All parents worry about losing sight of their young kids when out in public. I’ve had that happen in a Target store (with my son) and at a playground (with my daughter), so I know first-hand how scary an experience it is.
But that fear can be amplified when your child has an autism spectrum disorder (ASD). Concerns about such a child’s ability to communicate with other people and to recognize and avoid danger can add to the mix of anxieties. Current estimates say ASDs affect 1 in 88 children.
A study published Monday morning in the journal Pediatrics helps quantify the extent to which children on the autism spectrum wander off on their own – a behavior known as “elopement.” The study’s introduction notes that anecdotal evidence suggests kids on the autism spectrum tend to elope and the experience is very stressful for their families. But, the authors write, the phenomenon has been little studied, with only a handful of cases investigated.
Researchers at the Kennedy Krieger Institute and the Johns Hopkins University School of Medicine (both in Baltimore) and several other institutions surveyed parents of 1,218 children with ASD, which encompasses autistic disorder, Asperger disorder and pervasive development disorder. They were asked if their child had wandered away at or after age 4 (the age at which such behavior is no longer in keeping with normal child development, the study explains), how stressful an experience that was for the family, whether the child had been at risk of physical danger while wandering and what the child’s likely reason for wandering may have been.
Nearly half (49 percent) of families reported that their child had eloped at least once. Of those families, 26 percent said the child had been gone long enough to cause concern. Nearly a quarter (24 percent) of those who wandered had been at risk of drowning, and 65 percent had been at risk of traffic injury. Most parents (56 percent) called it the most stressful experience in raising their child, and 50 percent said they had received no assistance or guidance as to how to handle their child’s wandering.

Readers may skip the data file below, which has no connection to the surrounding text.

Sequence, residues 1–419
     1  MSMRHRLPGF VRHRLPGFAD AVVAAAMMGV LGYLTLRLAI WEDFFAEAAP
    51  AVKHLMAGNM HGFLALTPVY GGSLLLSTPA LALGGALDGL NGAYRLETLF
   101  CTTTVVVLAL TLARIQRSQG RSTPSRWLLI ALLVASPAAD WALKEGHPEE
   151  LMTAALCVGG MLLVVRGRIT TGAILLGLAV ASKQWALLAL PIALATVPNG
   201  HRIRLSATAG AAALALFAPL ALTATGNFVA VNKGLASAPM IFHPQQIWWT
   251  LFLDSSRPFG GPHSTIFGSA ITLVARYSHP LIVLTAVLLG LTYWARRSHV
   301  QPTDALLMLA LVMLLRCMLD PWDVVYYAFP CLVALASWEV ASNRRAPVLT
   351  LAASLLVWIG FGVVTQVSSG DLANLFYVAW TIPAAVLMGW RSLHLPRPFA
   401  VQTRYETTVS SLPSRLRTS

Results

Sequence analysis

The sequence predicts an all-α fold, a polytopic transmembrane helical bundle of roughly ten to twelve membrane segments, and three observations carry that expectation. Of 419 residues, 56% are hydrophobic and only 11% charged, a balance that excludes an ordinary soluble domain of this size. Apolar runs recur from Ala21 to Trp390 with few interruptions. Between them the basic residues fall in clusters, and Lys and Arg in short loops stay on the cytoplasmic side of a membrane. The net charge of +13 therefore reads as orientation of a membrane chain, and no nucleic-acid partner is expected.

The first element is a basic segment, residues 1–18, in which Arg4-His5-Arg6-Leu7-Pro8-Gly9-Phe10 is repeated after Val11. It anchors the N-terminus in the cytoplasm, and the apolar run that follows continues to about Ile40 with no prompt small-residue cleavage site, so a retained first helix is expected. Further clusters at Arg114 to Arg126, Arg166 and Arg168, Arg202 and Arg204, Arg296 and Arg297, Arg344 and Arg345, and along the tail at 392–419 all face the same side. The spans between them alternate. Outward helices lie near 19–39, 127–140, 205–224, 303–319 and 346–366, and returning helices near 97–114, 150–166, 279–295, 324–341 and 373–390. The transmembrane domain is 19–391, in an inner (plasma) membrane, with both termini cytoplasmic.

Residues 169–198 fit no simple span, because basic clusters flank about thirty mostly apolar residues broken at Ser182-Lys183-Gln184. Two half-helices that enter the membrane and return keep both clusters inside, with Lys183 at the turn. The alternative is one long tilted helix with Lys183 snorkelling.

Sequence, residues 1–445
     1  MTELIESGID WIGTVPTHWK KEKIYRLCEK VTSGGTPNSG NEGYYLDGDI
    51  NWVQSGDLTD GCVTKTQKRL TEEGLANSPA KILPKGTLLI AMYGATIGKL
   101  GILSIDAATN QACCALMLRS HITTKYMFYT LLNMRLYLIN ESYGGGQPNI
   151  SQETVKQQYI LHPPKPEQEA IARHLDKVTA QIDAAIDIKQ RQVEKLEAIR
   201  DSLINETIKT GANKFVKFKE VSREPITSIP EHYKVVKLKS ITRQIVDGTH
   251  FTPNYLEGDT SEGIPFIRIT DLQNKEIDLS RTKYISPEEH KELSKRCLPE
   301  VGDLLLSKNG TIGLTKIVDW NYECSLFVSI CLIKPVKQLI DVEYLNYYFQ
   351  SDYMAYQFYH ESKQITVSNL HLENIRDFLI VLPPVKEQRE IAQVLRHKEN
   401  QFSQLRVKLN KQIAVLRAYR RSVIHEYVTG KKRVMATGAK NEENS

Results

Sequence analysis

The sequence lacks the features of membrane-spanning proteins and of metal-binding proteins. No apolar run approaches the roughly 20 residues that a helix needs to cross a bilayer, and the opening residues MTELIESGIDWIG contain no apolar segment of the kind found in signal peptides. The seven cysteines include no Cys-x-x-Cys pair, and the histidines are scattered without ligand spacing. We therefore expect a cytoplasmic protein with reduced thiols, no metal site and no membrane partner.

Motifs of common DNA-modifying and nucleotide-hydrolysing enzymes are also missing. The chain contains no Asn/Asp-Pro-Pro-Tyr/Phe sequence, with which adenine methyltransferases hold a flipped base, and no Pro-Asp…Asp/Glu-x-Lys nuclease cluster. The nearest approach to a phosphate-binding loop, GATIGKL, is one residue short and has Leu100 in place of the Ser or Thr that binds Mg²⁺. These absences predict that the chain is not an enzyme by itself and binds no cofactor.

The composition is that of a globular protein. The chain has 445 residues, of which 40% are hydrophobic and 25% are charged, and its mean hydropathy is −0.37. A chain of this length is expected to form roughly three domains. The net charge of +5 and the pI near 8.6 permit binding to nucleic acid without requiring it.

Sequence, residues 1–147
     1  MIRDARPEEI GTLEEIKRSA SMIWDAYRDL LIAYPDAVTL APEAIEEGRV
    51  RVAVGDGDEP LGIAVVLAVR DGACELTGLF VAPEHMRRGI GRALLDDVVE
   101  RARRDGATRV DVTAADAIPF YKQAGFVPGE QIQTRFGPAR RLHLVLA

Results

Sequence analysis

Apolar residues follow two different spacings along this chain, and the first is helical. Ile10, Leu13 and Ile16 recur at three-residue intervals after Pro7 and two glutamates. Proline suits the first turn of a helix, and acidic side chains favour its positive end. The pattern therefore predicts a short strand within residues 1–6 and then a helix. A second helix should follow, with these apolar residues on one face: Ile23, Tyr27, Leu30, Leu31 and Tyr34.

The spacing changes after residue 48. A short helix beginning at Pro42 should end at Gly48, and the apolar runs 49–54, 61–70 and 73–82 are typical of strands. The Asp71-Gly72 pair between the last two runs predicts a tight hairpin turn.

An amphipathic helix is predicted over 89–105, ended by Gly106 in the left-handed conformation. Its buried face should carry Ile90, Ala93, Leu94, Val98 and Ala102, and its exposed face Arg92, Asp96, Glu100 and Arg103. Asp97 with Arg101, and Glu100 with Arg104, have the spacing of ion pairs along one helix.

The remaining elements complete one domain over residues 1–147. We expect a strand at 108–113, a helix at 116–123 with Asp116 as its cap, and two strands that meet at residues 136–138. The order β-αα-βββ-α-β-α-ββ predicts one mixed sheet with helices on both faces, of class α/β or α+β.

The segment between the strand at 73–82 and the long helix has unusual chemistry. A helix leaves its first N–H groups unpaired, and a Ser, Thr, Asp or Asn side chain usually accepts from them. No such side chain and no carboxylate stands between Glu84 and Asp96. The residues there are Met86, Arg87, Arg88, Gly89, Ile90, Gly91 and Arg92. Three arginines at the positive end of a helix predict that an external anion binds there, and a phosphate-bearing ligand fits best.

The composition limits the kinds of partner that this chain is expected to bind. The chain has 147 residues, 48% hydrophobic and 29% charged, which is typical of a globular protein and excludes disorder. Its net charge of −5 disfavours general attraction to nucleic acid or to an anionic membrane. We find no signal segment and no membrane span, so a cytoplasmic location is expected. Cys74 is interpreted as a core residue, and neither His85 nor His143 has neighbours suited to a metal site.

Most children (74 percent) wandered away from their own or another home; 40 percent wandered from a store, and 29 percent wandered from a school. Wandering peaked at age 5.4 years, and the risk of wandering increased with the severity of the child’s disorder.
Most parents said their child seemed to attain some kind of goal by wandering, escaping an uncomfortable situation or environment, for instance, or seeking a place where they’d be happier. Most also said their child seemed happy, joyful or purposeful when wandering, though children with Aspberger’s syndrome were more commonly described as being anxious.
The researchers also asked about siblings’ wandering behaviors; only 13 percent of the 1,076 siblings of children on the autism spectrum were said to have eloped.
The study notes: “Because participation in this study required having a living child with ASD, families of children who lost their lives while eloping were not included. It was therefore not possible to estimate the number of fatalities that occur due to elopement.”
Has your child with autism ever wandered off? How did you deal with that experience?
FYI: The American Academy of Pediatrics in September published the book Autism Spectrum Disorders: What Every Parent Needs to Know .